Friday, February 09, 2007

The Consequences of Torture for Those Who Commit It

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A former civilian interrogator who witnessed and participated in the abuse and torture of Iraqi detainees now finds himself tortured by the memories he cannot shake:

A man with no face stares at me from the corner of a room. He pleads for help, but I'm afraid to move. He begins to cry. It is a pitiful sound, and it sickens me. He screams, but as I awaken, I realize the screams are mine.

That dream, along with a host of other nightmares, has plagued me since my return from Iraq in the summer of 2004. Though the man in this particular nightmare has no face, I know who he is. I assisted in his interrogation at a detention facility in Fallujah. I was one of two civilian interrogators assigned to the division interrogation facility (DIF) of the 82nd Airborne Division. The man, whose name I've long since forgotten, was a suspected associate of Khamis Sirhan al-Muhammad, the Baath Party leader in Anbar province who had been captured two months earlier.

The lead interrogator at the DIF had given me specific instructions: I was to deprive the detainee of sleep during my 12-hour shift by opening his cell every hour, forcing him to stand in a corner and stripping him of his clothes. Three years later the tables have turned. It is rare that I sleep through the night without a visit from this man. His memory harasses me as I once harassed him.

Despite my best efforts, I cannot ignore the mistakes I made at the interrogation facility in Fallujah. I failed to disobey a meritless order, I failed to protect a prisoner in my custody, and I failed to uphold the standards of human decency. Instead, I intimidated, degraded and humiliated a man who could not defend himself. I compromised my values. I will never forgive myself.

American authorities continue to insist that the abuse of Iraqi prisoners at Abu Ghraib was an isolated incident in an otherwise well-run detention system. That insistence, however, stands in sharp contrast to my own experiences as an interrogator in Iraq. I watched as detainees were forced to stand naked all night, shivering in their cold cells and pleading with their captors for help. Others were subjected to long periods of isolation in pitch-black rooms. Food and sleep deprivation were common, along with a variety of physical abuse, including punching and kicking. Aggressive, and in many ways abusive, techniques were used daily in Iraq, all in the name of acquiring the intelligence necessary to bring an end to the insurgency. The violence raging there today is evidence that those tactics never worked. My memories are evidence that those tactics were terribly wrong.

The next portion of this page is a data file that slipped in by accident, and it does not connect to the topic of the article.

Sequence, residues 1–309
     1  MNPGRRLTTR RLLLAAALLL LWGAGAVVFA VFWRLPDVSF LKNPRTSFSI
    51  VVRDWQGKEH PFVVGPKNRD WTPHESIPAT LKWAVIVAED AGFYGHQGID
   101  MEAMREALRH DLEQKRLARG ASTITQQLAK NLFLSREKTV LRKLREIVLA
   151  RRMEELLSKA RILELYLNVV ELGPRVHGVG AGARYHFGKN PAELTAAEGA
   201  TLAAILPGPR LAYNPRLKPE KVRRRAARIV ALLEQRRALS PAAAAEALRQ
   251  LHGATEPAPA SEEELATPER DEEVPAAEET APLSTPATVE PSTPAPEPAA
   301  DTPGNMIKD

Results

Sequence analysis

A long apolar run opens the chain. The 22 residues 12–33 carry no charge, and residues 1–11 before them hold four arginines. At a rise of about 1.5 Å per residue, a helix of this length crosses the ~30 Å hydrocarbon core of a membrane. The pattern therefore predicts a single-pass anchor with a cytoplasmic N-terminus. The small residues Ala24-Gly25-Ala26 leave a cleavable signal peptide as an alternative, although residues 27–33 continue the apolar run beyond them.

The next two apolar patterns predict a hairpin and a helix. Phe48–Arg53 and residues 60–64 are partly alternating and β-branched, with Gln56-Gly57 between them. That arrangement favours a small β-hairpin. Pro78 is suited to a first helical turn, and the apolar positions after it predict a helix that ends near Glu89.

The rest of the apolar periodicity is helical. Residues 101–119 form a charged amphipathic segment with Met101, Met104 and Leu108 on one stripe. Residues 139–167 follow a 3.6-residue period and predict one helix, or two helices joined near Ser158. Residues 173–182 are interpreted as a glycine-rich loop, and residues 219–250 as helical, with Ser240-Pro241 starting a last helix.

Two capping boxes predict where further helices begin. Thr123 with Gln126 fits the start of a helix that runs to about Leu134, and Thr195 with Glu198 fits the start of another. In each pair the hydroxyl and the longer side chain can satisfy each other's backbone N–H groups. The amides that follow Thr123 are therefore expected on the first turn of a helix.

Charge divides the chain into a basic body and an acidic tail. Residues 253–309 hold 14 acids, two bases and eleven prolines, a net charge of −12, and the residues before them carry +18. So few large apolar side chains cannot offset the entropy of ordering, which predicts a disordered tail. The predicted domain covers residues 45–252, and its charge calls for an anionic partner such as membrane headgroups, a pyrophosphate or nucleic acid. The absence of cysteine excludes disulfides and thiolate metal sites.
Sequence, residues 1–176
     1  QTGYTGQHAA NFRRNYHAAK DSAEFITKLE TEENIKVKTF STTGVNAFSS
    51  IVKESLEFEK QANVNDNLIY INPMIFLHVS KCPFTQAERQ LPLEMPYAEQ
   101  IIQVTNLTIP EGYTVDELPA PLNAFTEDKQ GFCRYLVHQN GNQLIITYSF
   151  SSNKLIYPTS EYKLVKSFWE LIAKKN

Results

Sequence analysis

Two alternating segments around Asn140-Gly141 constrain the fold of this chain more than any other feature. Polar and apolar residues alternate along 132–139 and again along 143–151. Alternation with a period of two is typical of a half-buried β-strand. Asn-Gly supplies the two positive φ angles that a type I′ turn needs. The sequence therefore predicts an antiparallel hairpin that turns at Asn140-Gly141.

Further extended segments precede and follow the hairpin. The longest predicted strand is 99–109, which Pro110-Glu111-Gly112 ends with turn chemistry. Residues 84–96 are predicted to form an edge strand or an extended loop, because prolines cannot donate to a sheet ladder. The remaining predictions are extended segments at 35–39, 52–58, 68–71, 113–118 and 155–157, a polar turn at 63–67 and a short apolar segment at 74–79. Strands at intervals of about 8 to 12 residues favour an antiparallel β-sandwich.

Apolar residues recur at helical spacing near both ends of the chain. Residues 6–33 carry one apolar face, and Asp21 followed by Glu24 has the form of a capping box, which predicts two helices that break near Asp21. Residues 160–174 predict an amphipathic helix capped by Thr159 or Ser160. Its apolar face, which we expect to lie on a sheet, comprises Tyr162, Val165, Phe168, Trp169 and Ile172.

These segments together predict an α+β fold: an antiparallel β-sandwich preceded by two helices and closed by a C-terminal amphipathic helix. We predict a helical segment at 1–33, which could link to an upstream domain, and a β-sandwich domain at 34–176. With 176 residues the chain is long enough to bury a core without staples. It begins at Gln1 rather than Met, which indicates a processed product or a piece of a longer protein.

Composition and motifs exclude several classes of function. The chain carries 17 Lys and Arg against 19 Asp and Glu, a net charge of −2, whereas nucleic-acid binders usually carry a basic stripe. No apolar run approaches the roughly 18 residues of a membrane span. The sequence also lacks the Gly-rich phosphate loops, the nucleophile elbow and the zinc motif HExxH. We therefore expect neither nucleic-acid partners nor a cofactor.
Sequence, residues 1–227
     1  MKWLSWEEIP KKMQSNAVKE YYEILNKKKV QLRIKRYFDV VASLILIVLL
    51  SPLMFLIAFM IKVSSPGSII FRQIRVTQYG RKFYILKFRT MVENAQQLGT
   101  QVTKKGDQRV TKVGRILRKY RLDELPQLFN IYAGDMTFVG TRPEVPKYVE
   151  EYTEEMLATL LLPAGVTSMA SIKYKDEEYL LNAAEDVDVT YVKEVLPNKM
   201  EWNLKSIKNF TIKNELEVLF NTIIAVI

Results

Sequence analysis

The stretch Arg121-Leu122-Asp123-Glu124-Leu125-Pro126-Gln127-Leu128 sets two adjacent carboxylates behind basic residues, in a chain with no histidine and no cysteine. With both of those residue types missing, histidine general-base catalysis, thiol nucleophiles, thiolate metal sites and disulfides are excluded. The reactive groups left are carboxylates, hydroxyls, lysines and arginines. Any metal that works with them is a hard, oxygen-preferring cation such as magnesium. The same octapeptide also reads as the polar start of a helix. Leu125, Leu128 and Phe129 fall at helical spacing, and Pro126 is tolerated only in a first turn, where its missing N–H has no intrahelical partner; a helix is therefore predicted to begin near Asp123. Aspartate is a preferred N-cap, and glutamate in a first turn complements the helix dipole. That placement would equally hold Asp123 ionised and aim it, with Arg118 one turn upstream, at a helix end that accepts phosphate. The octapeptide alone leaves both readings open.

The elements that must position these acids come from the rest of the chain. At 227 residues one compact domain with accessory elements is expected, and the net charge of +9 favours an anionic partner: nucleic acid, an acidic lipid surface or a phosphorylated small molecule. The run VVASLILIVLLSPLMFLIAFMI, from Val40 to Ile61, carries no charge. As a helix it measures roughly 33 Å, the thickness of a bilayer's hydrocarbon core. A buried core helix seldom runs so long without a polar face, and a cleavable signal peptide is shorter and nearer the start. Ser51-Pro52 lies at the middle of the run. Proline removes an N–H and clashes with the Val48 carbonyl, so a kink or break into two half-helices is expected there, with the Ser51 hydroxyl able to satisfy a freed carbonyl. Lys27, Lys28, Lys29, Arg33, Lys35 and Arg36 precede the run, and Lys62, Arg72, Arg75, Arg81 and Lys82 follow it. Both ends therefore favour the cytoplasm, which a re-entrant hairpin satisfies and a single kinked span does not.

While I was appalled by the conduct of my friends and colleagues, I lacked the courage to challenge the status quo. That was a failure of character and in many ways made me complicit in what went on. I'm ashamed of that failure, but as time passes, and as the memories of what I saw in Iraq continue to infect my every thought, I'm becoming more ashamed of my silence.

This is a crucial point. Torture involves two crimes: the abusive act itself, and the silence afterward. Eric Fair cannot change what he did; but he is also in a unique position to persuade others that torture is wrong, always and in every instance. Breaking the silence is incredibly important -- and that is what Fair has done today.

1 comment:

wallamaarif said...

More of us ned to come out and talk. But the culture within the military keeps us from doing so because it seems weak or effeminate to sympathize with "the enemy." Also, each interrogator is a military intelligence professional, where keeping our lips sealed is a matter of professionalism.